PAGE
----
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KL157X: PORTRAIT OF A PLANET (2014-2015)

Last modified: 04 Dec 2014 08:58


Course Overview

The rocks, of which the rigid, outer shell of the Earth is made, are themselves composed of a range of different minerals. Igneous rocks, which crystallise from rock melts (magma), contain minerals that reflect the processes operating within and at the margins of the plates that form the rigid shell. Metamorphic rocks are formed in respond to the forces associated with the movement of the plates and/or to changes in temperatures. The weathering and erosion of pre-existing rock formations and the transport and deposition of this debris by ice, wind, water and gravity form most sedimentary rocks.

Course Details

Study Type Undergraduate Level 1
Session Second Sub Session Credit Points 15 credits (7.5 ECTS credits)
Campus None. Sustained Study No
Co-ordinators

Sorry, we don't have a record of any course coordinators.

Qualification Prerequisites

  • Programme Level 1

What courses & programmes must have been taken before this course?

  • Any Undergraduate Programme (Studied)

What other courses must be taken with this course?

None.

What courses cannot be taken with this course?

  • GL1506 Portrait of a Planet (Distance) (Studied)

Are there a limited number of places available?

No

Course Description

The rocks, of which the rigid, outer shell of the Earth is made, are themselves composed of a range of different minerals. Igneous rocks, which crystallise from rock melts (magma), contain minerals that reflect the processes operating within and at the margins of the plates that form the rigid shell. Metamorphic rocks are formed in response to the forces associated with the movement of the plates and/or to changes in temperatures. The weathering and erosion of pre-existing rock formations and the transport and deposition of this debris by ice, wind, water and gravity form most sedimentary rocks. However, some sedimentary rocks are mainly of biological or chemical origin (e.g. chalk, rock salt). The composition of, and the mineral associations in rocks are therefore directly related to the processes that formed them. The identification and classification of rocks is therefore a crucial skill in studies relating to the evolution of the Earth.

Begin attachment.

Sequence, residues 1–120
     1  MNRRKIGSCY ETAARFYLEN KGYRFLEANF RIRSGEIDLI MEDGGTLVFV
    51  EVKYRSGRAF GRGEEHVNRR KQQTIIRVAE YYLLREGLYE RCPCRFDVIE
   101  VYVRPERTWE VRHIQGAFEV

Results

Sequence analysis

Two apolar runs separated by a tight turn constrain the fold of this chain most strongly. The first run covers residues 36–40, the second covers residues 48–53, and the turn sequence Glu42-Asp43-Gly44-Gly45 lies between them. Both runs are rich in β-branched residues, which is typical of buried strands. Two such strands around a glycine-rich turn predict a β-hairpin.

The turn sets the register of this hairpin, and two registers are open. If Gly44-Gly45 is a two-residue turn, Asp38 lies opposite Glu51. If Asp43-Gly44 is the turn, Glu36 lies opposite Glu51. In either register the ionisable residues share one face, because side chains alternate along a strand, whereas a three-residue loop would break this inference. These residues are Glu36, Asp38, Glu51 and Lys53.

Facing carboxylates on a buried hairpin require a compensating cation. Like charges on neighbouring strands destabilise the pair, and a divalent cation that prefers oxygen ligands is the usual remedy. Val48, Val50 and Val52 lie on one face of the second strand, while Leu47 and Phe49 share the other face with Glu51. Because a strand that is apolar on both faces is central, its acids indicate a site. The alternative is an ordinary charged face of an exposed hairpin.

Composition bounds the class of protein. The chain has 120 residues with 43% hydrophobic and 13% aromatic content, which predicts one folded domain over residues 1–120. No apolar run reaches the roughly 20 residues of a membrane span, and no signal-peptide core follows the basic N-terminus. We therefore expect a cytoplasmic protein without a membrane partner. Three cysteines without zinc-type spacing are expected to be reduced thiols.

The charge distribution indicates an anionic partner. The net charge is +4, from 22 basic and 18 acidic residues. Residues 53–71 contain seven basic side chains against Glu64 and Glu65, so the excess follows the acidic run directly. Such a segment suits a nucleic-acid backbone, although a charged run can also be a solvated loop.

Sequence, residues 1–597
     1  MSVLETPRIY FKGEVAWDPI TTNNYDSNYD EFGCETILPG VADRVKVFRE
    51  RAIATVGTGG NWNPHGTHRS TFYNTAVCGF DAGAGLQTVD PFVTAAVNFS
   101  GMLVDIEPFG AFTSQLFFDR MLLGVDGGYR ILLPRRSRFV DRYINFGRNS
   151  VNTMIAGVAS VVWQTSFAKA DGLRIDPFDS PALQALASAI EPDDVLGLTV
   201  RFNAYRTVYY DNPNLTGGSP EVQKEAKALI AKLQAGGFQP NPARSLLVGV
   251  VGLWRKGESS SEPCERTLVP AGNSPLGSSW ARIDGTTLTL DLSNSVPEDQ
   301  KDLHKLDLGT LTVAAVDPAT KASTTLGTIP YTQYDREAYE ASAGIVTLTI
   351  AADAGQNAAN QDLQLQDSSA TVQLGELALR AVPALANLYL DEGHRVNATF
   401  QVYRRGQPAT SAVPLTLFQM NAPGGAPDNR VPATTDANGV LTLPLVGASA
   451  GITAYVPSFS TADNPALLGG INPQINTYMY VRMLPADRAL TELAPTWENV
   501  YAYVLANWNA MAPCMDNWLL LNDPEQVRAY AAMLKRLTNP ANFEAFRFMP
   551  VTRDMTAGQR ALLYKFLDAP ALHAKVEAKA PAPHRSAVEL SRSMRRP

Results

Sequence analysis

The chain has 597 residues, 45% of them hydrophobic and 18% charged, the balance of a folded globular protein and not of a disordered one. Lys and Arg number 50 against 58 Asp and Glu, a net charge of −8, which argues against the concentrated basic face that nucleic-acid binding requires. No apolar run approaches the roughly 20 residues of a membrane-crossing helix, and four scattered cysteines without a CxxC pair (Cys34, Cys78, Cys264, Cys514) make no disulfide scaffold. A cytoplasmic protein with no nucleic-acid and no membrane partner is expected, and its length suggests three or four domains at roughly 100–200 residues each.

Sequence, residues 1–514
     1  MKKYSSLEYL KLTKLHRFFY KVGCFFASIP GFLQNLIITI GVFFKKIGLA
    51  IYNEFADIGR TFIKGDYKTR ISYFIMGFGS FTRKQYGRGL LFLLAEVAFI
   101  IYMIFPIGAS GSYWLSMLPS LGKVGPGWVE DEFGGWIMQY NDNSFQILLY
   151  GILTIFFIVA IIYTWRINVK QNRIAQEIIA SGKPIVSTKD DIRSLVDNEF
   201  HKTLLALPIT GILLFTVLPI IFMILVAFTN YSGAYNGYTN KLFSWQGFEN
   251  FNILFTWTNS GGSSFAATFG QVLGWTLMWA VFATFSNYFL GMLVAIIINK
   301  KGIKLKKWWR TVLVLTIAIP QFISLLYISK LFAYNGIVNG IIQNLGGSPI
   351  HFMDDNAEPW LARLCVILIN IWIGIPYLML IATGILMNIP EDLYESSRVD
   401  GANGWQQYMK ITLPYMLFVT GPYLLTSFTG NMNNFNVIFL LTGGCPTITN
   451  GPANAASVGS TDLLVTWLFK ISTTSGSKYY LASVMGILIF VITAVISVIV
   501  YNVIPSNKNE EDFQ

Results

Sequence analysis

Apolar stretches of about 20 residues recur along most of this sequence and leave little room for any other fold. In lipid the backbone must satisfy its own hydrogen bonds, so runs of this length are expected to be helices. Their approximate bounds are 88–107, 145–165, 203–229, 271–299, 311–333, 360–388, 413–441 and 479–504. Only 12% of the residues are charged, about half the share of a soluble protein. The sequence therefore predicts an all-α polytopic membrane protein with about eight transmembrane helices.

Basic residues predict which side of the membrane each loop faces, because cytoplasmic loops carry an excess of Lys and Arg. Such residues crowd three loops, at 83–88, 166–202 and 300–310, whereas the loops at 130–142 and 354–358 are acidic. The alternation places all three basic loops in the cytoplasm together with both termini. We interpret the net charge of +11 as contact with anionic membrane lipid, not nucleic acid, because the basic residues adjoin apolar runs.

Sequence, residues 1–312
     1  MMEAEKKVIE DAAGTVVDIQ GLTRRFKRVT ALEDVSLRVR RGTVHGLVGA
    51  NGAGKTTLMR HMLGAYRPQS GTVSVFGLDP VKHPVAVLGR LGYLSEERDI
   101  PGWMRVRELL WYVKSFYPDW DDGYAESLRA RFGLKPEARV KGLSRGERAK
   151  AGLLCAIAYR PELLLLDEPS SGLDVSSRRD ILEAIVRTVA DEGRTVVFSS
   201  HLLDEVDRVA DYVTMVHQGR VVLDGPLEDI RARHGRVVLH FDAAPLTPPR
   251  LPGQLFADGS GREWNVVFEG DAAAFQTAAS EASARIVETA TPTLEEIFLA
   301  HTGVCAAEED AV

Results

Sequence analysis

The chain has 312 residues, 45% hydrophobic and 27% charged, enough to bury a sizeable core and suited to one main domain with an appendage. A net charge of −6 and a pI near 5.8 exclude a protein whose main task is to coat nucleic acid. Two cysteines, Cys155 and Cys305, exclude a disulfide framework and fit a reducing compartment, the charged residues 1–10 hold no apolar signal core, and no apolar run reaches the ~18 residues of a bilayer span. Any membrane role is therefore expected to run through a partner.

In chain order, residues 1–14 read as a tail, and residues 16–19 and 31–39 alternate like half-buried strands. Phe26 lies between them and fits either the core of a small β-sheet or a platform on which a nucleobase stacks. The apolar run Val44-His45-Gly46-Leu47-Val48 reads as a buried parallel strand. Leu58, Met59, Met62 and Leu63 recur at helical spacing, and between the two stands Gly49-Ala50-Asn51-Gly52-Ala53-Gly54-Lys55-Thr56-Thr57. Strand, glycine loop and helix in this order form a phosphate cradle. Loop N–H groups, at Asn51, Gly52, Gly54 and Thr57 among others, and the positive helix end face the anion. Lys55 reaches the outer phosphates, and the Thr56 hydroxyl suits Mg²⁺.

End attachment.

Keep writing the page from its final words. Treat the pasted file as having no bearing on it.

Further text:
Further Information & Notes

The nature of the method of delivery of this course and the field trip and practical work may lead to difficulties for students with some disabilities however all possible alternatives will be investigated. Students with disabilities are highly recommended to seek a meeting with the School Disability Coordinator to discuss this further. This course may NOT be included in a graduating curriculum with GL 1005 and GL 1505.

Degree Programmes for which this Course is Prescribed

None.

Contact Teaching Time

Sorry, we don't have that information available.

Teaching Breakdown


Assessment

1st Attempt: (100% continuous assessment): Multiple choice questions (25%) Laboratory Practical (25%) Field Trip (25%) End of course assessment (25%) Resit: Examination (100%)

Formative Assessment

None.

Feedback

Feedback will be given.

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